CANNES (Reuters): For Brazilian director Karim Ainouz the prospect of making a film about King Henry VIII’s court was particularly exciting, partly because it focuses on Catherine Parr, the wife who survived Henry.
Ainouz, who doesn’t have a special connection to England, said his aim was to bring Parr into the spotlight.
“The main reason is Catherine Parr and the fact that nothing had been made about her of relevance,” he told Reuters ahead of the premiere of “Firebrand” at the Cannes Film Festival.
“I was very excited with the possibility of bringing her to the light and bringing it to a place of protagonism in history, which was always either given to Henry or to the women that were dead,” he said.
“Firebrand,” which is competition for the Palme d’Or, stars Alicia Vikander as Catherine, Henry’s sixth and last wife as she navigates Tudor court politics towards the end of his life.
“The pain he was suffering was excruciating,” said Jude Law, who plays the king.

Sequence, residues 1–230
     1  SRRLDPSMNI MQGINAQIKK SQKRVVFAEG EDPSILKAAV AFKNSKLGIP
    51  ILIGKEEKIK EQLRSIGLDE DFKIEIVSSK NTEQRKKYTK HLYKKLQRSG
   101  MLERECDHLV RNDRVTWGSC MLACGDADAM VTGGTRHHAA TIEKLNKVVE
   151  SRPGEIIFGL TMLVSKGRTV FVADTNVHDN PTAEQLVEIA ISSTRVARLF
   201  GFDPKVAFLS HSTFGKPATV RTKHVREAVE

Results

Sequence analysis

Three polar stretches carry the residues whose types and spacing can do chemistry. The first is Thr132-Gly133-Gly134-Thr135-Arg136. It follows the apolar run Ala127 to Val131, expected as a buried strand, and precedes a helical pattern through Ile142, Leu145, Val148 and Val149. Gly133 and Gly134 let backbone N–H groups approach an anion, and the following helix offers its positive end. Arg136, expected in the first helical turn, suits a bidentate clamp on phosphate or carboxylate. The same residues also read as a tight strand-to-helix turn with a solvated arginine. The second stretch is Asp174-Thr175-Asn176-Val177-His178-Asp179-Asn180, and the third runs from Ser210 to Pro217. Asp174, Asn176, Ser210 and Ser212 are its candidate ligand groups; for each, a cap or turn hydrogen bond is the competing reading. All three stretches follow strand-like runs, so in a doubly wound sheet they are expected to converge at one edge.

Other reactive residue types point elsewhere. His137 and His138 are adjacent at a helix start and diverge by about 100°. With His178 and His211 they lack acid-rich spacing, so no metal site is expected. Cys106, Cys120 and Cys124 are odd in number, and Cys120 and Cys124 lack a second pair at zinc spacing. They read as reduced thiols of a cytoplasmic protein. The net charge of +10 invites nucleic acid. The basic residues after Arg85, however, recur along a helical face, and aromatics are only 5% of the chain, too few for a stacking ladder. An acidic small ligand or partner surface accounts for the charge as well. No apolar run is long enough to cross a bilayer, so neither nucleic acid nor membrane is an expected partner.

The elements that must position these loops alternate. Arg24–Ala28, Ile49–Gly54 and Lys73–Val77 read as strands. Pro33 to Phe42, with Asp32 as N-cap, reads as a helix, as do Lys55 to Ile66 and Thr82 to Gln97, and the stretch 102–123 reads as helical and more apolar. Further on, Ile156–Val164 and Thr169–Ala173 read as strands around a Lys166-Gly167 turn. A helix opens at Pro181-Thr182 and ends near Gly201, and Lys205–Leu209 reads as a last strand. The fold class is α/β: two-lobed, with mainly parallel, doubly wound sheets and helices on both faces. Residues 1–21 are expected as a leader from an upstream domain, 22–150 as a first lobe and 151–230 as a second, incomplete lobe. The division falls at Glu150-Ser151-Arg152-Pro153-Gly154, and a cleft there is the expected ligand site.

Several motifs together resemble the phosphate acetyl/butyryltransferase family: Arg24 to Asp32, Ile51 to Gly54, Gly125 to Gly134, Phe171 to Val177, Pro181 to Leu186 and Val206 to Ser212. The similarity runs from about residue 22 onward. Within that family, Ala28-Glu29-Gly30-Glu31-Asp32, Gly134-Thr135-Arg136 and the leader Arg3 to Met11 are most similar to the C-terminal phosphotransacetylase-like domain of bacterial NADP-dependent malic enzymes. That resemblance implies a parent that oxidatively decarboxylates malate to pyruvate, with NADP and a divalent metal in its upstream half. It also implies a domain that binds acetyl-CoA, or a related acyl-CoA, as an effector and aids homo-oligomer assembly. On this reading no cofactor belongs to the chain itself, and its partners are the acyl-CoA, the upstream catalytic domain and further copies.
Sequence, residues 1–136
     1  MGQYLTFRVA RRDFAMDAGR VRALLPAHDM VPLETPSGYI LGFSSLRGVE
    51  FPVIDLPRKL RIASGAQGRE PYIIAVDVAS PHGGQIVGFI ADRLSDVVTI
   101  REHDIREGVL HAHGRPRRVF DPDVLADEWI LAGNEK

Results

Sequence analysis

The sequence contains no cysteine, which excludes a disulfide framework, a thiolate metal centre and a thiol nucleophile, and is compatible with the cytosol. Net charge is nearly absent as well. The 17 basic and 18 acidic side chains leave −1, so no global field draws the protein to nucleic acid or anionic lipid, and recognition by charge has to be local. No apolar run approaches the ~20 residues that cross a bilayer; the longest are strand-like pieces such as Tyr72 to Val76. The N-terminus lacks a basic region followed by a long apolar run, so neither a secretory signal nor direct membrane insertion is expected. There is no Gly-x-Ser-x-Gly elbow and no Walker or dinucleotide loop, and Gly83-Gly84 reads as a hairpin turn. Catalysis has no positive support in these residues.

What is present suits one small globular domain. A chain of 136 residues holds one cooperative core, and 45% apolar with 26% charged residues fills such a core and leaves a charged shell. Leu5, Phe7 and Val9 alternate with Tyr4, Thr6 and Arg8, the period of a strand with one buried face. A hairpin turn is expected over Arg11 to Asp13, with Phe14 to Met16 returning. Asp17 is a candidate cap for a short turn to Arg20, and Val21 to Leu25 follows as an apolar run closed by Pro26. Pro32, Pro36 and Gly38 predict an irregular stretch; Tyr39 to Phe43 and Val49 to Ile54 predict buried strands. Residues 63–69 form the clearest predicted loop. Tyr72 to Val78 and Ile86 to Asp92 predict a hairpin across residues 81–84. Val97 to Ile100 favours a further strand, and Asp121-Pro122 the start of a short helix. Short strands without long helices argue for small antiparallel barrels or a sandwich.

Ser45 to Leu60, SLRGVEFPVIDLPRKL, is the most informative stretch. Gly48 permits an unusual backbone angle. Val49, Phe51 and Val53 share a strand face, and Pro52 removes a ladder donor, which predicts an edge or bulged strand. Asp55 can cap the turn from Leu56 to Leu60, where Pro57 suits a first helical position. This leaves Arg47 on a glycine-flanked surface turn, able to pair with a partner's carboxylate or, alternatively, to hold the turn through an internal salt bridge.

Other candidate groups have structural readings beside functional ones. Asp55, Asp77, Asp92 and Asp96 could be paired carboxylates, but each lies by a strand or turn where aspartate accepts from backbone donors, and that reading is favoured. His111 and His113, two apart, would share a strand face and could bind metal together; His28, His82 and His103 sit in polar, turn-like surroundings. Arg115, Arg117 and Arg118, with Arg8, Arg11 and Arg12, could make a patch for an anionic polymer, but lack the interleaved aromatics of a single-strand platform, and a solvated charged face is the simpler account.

Law re-creates the physically imposing Henry, who at that time in his life was struggling with stiff, swollen legs, and a rotting wound. Law used weights to get Henry’s gait just right.
“How was he dealing with that? Probably through alcohol. So this drunkenness, there’s also this weight that he’s carrying because we know he was by that point grossly obese. All of that has an effect on physicality,” added Law.
Henry VIII, who ruled England from 1509 to 1547, famously divorced his first wife against her will, breaking with Rome and making himself the head of the Church of England.
“Firebrand, at its heart, is about an abusive husband, said Law. “And that, sadly, is an international and universal story that people, I think recognise and the power and the skills this woman had to tiptoe around this powerful figure was remarkable.”
The film, which is based on the 2013 novel “Queen’s Gambit” by Elizabeth Fremantle, marks Ainouz’s first time competing for Cannes’ top prize and is his first English-language film.